Like I said “Honorable and Learned.” Did I also mention stupid and venal? Where’s the tar and feathers when you need’em??

But enough. My point is simple. Alcohol would work but has technical problems that are solvable. Unfortunately its use will require some people starving, or some politician’s political base be gored. Guess which one is going to happen??











Stranger and stranger for the Swiss

Far right groups in Switzerland have collected enough signatures to force a nationwide referendum on banning minarets, the distinctive towers of Islamic architecture. In what is being seen as a sign of growing Islamophobia in Europe, more than 100,000 Swiss citizens signed a petition to halt the construction of minarets. […]


Seems pretty simple. The people want a referendum on whether or not to ban what many see as symbols of Islam. You may agree, you may disagree, but since Switzerland is a country, and since banning minarets isn't like declaring you are going to destroy Iran (Israel) or building nucelar weapons you'd think it to be an internal matter.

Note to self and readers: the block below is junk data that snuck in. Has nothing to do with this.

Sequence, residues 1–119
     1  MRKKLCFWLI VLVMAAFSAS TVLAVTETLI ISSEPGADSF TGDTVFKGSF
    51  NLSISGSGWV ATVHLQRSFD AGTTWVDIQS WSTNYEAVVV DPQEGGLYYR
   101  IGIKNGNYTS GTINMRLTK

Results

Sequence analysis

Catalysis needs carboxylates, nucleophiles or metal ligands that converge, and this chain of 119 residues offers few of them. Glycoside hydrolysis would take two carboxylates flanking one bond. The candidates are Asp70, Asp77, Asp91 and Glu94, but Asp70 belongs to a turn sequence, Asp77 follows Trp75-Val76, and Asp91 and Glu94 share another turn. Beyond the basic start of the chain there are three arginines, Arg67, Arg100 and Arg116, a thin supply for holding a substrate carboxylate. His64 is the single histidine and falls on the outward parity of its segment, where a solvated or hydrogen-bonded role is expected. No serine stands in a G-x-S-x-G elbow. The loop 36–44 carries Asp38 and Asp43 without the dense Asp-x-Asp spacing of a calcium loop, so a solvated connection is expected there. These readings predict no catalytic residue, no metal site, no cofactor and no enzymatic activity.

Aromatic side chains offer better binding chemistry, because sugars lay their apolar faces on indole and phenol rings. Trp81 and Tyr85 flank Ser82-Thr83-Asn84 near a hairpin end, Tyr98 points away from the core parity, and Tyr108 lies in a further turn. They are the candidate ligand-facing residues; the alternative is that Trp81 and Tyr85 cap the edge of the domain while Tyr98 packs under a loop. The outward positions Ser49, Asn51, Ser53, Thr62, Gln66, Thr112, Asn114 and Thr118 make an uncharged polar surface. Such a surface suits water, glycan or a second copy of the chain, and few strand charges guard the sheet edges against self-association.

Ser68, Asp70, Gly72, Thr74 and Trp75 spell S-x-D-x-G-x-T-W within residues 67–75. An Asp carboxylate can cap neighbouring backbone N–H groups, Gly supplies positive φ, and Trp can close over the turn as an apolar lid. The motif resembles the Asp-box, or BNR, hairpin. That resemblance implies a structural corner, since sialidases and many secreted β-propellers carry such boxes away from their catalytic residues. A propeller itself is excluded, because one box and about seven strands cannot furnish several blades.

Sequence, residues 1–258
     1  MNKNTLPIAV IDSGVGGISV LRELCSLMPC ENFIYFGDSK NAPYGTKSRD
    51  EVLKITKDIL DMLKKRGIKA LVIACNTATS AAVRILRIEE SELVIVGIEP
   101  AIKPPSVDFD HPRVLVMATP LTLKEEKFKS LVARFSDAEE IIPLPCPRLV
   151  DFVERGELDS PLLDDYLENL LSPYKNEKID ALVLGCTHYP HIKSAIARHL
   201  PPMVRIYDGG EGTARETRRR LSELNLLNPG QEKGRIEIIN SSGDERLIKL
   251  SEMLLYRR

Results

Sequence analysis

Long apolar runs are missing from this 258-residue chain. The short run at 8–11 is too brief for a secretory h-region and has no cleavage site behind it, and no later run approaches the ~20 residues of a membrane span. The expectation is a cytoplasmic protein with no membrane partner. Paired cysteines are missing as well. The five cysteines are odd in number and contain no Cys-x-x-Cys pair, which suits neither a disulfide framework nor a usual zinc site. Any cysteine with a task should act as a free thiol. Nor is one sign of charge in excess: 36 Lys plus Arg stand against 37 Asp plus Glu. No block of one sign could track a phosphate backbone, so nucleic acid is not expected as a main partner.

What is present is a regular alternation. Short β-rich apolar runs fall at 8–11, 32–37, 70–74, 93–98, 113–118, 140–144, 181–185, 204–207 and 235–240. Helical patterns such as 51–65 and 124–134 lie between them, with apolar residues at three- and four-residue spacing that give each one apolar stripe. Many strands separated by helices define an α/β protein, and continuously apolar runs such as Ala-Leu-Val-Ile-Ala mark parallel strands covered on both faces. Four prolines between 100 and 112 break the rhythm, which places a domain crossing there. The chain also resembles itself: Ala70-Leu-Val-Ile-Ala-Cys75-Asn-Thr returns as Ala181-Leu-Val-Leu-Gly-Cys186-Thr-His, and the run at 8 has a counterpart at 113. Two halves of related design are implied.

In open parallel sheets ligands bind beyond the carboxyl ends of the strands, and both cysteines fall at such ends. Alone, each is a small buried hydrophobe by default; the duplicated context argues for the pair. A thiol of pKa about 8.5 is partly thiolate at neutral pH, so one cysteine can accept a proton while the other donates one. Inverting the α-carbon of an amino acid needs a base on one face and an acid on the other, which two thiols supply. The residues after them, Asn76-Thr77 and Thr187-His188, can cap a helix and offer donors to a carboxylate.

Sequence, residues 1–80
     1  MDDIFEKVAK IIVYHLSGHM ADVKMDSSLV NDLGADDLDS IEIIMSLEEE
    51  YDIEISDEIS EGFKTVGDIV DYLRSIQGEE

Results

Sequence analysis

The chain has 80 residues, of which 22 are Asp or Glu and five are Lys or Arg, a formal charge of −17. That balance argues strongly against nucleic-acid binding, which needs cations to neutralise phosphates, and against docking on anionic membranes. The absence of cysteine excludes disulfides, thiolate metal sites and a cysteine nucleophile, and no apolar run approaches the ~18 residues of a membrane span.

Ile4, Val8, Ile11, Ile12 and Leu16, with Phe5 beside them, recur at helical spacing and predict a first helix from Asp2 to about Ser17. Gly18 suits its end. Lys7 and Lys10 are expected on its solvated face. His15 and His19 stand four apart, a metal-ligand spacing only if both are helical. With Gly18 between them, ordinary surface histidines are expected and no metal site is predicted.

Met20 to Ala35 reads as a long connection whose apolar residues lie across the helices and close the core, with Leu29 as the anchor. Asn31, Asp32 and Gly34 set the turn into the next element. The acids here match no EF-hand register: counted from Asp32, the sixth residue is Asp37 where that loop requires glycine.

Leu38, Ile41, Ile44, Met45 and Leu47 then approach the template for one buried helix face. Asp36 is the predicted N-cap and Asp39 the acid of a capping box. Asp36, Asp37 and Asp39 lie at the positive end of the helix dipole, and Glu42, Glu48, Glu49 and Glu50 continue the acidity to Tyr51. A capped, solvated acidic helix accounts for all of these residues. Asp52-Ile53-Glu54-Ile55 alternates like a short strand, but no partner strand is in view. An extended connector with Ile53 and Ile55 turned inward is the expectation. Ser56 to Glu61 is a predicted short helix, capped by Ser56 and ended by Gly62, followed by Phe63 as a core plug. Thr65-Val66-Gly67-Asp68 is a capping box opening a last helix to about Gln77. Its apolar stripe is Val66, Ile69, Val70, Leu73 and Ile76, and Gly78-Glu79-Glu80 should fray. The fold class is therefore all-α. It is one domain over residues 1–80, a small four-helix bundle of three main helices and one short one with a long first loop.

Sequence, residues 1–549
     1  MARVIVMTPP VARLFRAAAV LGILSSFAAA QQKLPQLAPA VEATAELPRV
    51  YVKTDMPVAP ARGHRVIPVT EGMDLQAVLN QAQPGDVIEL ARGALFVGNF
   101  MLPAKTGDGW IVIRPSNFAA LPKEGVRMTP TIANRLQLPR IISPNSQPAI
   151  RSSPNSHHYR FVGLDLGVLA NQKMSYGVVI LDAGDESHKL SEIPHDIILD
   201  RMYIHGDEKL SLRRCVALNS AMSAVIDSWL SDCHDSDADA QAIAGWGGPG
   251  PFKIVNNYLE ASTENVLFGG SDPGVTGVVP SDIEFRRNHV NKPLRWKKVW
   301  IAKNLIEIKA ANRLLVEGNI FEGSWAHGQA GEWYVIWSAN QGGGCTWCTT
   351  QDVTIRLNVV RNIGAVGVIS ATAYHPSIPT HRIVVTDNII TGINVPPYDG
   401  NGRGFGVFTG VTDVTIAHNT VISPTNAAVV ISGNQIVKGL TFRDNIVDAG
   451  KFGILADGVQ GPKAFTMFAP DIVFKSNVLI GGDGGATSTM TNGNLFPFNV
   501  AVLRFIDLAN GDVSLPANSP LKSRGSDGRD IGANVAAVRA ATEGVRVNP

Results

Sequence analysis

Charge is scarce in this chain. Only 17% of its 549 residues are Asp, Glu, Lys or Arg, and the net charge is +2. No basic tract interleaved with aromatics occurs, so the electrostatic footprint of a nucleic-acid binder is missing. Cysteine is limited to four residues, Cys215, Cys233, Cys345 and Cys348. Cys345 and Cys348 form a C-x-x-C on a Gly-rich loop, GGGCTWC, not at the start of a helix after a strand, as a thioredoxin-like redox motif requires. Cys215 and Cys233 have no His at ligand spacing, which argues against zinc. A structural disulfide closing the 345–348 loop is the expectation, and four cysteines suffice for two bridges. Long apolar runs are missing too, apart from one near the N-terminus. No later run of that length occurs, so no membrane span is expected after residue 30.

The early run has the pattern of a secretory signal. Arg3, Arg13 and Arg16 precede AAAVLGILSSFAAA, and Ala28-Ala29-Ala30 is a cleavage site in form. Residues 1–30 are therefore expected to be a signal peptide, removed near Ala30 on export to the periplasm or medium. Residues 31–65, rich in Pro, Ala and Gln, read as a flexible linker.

Not so.

Marcel Stüssi, a researcher at Lucerne University […] says any ban would be incompatible with articles of international law to which Switzerland is a signatory. In the event that Swiss voters were to ban minarets, any of the 107 other signatories to the Vienna Convention of the Law of Treaties of 1969 could launch action against Switzerland.


Nothing like having your own elites on the other side..... I mean that would never happen in the US. Right?? Right?? I can't hear youuuuuuuuu!

BrusselsJournal




Tribute to Itally

As usual, the Gates of Vienna has it down pat. The whole article should be required reading for all Americans.

Throughout much of the Western world, the state-sponsored bureaucracy is no longer there to look after our individual or national interests; it is there to force us to surrender our countries to hostile aliens in the name of dangerous, utopian ideologies promoted by unaccountable transnational organs which do not have our interests in mind. In this situation, reluctance to allow faceless bureaucrats to run your life is a blessing, not a curse, and the ingrained Italian distrust of bureaucrats is probably one of the reasons why Italy is among the leading European nations in resisting unilateral cultural surrender.